STO(P), Drop and Roll

So hopefully by this point in the post, you’re starting to grasp the mammoth task risk management is in an organisation. As aforementioned, this can be achieved by conducting risk assessments on different assets and areas in a business. One way to simplify the assessment process is to distinguish the different hierarchical levels of risk management in an organisation, this can be plotted to a “STO” triangle.

“STO” stands for Strategic, Tactical and Operational. These represent different hierarchical levels within an organisation and can be described (in a risk management context) as the following:

Strategic (Policy): High-level overview, strategy focused, resource allocation decision, definition of organisation goals as a whole.

Tactical (Procedure): Specifying activities and medium to short term objectives to achieve the strategic goal, usually a translation level between strategic and operational outlook.

Operational (Execution): Day-to-day description of decisions and processes to help execute the strategic goal, usually linking tactical processes and goals with strategic level goals.

It’s the (Risk Management) Circle of Life

Another way to simplify the risk management process is to follow the stages of the risk management lifecycle.

Made up of four different stages, the risk management lifecycle can help breakdown the overall process and make it easier to follow and digest. The four different stages are as follows:

Risk Identification: This stage is quite straight forward, you simply identify the risk!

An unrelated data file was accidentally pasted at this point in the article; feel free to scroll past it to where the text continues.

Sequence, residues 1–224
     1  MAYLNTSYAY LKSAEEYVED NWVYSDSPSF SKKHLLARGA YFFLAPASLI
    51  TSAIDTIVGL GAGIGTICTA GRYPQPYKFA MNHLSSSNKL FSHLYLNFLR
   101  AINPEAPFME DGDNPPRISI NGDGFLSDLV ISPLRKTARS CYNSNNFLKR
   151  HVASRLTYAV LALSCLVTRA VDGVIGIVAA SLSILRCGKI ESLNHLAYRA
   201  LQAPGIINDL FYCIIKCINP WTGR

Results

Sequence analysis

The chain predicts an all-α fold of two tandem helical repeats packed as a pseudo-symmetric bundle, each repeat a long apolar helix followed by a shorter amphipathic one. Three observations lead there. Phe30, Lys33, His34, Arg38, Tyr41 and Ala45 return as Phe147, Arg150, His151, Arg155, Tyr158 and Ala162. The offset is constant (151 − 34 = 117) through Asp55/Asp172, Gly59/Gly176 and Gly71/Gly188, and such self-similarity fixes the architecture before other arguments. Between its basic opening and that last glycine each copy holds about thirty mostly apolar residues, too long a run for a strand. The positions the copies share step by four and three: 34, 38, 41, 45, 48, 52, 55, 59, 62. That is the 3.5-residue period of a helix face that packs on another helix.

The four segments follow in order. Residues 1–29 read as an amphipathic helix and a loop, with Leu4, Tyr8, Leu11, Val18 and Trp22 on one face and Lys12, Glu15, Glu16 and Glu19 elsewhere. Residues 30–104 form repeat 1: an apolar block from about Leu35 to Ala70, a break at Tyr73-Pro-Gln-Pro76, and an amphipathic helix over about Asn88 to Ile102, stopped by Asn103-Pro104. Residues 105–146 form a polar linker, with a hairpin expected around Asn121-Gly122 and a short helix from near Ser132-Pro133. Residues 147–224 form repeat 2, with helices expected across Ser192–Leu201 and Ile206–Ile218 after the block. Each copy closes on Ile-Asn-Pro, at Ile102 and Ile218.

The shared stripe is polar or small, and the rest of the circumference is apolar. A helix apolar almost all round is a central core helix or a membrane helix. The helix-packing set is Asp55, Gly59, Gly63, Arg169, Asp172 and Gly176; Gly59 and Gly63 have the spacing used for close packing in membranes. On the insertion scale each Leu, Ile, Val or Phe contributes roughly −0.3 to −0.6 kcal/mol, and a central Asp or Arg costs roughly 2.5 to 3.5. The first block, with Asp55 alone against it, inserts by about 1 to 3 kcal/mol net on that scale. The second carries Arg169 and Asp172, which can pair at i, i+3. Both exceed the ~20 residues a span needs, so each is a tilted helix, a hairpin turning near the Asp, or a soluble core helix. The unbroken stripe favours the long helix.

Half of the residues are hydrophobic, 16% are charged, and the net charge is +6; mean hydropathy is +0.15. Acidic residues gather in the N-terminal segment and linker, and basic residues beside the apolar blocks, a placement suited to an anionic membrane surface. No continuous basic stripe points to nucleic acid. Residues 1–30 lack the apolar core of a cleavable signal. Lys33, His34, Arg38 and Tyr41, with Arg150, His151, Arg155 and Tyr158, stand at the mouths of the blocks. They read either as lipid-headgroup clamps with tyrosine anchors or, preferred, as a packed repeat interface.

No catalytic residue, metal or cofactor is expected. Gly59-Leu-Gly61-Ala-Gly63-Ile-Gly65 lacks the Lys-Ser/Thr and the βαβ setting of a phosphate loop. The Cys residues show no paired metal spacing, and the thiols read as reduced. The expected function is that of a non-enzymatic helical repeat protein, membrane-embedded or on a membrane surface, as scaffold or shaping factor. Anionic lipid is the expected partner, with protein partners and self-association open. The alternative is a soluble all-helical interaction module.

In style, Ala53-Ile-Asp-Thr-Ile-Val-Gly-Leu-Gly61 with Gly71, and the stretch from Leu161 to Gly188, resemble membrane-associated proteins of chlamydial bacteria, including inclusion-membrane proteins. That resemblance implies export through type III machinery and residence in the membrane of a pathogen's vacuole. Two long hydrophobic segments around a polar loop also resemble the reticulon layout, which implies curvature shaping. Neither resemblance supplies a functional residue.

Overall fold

Risk Assessment: In this stage, once you have identified the risk, you assess the severity and likelihood of the risk. What are the chances of this risk happening? What would the impact be? Is it worth “accepting” the risk? What resources are needed to mitigate this risk?

Risk Response: After the assessment is the response phase of the management lifecycle. In this phase you may consider implementing controls and mitigation measures to reduce the likelihood of the risk occurring. You may also draft contingency plans and recovery response in the event of a risk occurring.

Risk Monitoring: And finally, continually monitor the risk – make sure you look out for changes that may affect the risk!

Risk Management Objectives

So after all this “faff”, what are the main objectives of risk management? To put it simply, it is to effectively manage your risks. These risks may derive from evolving threats, known vulnerabilities or audit and policy non-compliance. It is important when you are managing risks to protect the CIA triad (see below) and the traceability of information and data at rest, in transit and during modification.

And there we have it! A very quick, bare-bone intro into the basics of risk management. This blog was based off my Cyber Security Management module from my undergraduate degree (thank you Ed/Bournemouth Uni!), and hopefully you now have a more solid understanding of risk management basics πŸ™‚

– Sophia x